70 years of stories are to be found in every corner of Mount Kenya Safari Club
When the invitation to attend a friend’s 65th birthday slap bang on the equator hit my inbox I jumped at the chance. Having listened to my mother’s glamorous recollections of her stay at the Mount Kenya Safari Club in the early 1970’s I had to experience it for myself. And it was high time to shake the Mara mud from my boots and venture north.
Would I feel the ghosts of the world’s who’s who as I explored those famed corridors, I wondered? The heyday of the Club, founded in 1959 by Hollywood heartthrob William Holden, with his partners, welcomed, amongst others, Ernest Hemmingway, Ava Gardner, Bing Crosby, David Lean, Charlie Chaplin, Steve McQueen, Conrad Hilton, Winston Churchill and the Maharaja of Jaipur. Membership to this exclusive club set in the soft green foothills of Mount Kenya was strictly by invitation only. And as legend has it, sometimes guests had to shoo a leopard off the bar stool. Or was it a cheetah? Either way it must have been fabulous. In the words of Bill Holden when he saw the property for the first time: ‘This is the most beautiful place in the world’.
And it still is. The buildings ooze history and who could not fail but to be impressed by the equator running right through the bar? Gin and tonic in the southern hemisphere and whisky and soda in the northern hemisphere. So worth getting drunk for. The green trimmed lawns seem to stretch forever bumping either into the 9-hole golf course (the equator runs through the 7th fairway jinxing most accomplished players, I am told) or the magnificent maze planted to celebrate the Millennium. Peacocks screech in your ear as you sip your afternoon tea – whoever said vuvuzelas spoiled the Soccer World Cup in 2010? And guests are encouraged to walk the two sleek and friendly black labs who call the Club home. It’s that kind of place.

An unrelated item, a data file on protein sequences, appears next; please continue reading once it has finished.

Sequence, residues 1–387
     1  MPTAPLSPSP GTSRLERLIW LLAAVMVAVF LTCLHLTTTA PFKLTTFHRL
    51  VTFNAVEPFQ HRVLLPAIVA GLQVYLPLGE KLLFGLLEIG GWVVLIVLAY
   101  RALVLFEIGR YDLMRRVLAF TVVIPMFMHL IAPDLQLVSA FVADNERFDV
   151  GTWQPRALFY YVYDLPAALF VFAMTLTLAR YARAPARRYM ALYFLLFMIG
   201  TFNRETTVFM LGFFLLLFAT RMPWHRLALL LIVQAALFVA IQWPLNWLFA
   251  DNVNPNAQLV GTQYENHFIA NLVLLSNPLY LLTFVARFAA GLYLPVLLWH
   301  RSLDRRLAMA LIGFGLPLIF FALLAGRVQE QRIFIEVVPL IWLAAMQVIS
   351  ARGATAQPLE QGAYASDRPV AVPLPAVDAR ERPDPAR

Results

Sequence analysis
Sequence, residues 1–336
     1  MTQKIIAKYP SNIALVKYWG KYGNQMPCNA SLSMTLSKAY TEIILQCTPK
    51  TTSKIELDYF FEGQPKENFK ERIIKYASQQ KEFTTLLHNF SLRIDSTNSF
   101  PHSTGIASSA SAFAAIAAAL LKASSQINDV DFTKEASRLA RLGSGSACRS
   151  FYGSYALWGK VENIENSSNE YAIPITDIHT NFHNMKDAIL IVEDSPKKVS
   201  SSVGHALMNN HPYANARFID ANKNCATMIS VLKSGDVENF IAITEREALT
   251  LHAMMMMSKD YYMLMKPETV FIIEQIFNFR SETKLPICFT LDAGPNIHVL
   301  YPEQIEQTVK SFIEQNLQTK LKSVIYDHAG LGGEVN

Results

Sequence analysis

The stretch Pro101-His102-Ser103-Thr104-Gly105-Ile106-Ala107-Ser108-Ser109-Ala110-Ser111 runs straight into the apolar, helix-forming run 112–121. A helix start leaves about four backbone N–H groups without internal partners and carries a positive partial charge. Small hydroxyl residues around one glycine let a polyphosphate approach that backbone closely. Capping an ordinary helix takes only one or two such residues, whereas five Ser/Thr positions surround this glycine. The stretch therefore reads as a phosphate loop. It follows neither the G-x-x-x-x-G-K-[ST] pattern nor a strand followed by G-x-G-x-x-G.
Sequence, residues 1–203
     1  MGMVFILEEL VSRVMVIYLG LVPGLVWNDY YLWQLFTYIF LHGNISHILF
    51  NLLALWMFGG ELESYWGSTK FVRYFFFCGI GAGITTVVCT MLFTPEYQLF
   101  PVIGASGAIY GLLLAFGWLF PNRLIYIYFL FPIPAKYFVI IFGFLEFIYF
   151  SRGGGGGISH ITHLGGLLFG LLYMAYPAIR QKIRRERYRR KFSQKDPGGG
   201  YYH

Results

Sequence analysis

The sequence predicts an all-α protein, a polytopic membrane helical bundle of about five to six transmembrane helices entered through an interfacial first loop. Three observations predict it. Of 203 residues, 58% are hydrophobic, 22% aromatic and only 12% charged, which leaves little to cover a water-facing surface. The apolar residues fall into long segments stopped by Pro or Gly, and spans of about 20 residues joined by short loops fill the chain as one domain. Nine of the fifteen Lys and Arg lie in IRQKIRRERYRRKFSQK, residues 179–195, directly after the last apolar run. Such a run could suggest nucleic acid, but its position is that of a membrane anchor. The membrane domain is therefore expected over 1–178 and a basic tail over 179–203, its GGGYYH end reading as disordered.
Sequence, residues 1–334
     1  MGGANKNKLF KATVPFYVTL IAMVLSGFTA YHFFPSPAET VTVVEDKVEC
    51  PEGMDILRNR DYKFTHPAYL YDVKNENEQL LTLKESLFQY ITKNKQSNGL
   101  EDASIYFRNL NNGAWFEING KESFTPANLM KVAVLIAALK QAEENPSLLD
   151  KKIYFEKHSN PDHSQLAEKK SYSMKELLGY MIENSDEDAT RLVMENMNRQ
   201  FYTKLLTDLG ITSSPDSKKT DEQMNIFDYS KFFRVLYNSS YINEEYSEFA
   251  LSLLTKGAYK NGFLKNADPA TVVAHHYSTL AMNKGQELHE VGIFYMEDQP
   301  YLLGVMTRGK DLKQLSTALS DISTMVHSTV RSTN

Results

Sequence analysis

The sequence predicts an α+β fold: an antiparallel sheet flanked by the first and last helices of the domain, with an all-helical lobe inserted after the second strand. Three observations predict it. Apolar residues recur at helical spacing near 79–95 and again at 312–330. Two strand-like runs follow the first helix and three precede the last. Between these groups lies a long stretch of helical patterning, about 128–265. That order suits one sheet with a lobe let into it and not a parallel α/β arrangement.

The best was still to come.
I never imagined I would be able to feed a rare mountain bongo, say ‘how do you do’ to a pygmy hippo or be photobombed by a needy eland. Well, I experienced all that and more at the Animal Orphanage at the Mount Kenya Wildlife Conservancy, a mere five minute walk from the Club’s front door. Bill Holden set aside 1200 acres of the ranch for the preservation of endangered wildlife and its regeneration through selective breeding programmes. At the heart of the Conservancy lies the Animal Orphanage and the William Holden Wildlife Education Centre built in his memory by actress Stefanie Woods in 1984.
The orphanage could be Dr Doolittle’s backyard. A delightful family of waifs, strays and orphans compete for your attention: the aforementioned needy eland, a 2-week old fuzzy zebra whose legs still wobble; a 150 year old Aldabran Giant Tortoise; a three legged but extremely precocious Patas monkey who has given birth to three offspring here; Peter the pygmy hippo; drooly lamas (why I have no idea); fruit-eating little Sokoke Forest Cats (unique to Kenya and endangered); and the headline grabbing mountain bongo. These rare, elegant and beautiful antelope now number over 70 in a breeding programme that has brought the species back from near extinction in Kenya. They are currently only on the Conservancy but plans are underway to reintroduce them to the forests of Africa’s second highest mountain where they once roamed in abundance.
And when you do visit the Orphanage please ask for James aka ‘The Elephant Man’, chameleon whisperer and master storyteller. Ask him why his nickname – it is a story that will make your blood run cold.
And whatever you do, set your alarm for 6am when staying at the MKSC and sneak out on to the veranda in your jammies and slippers to catch a glimpse of the coy mountain which prefers to spend all of the time well hidden in cloud. It’s worth the stares you will get from early departing guests.
Note from the Editor: I stayed as a guest of MKSC’s owner and vowed to return one day soon – it’s simply that kind of place.
TAGGED WITH: Wildlife, Travel, East Africa, Kenya, Explore East Africa, Mount Kenya Safari Club, Animal Orphanage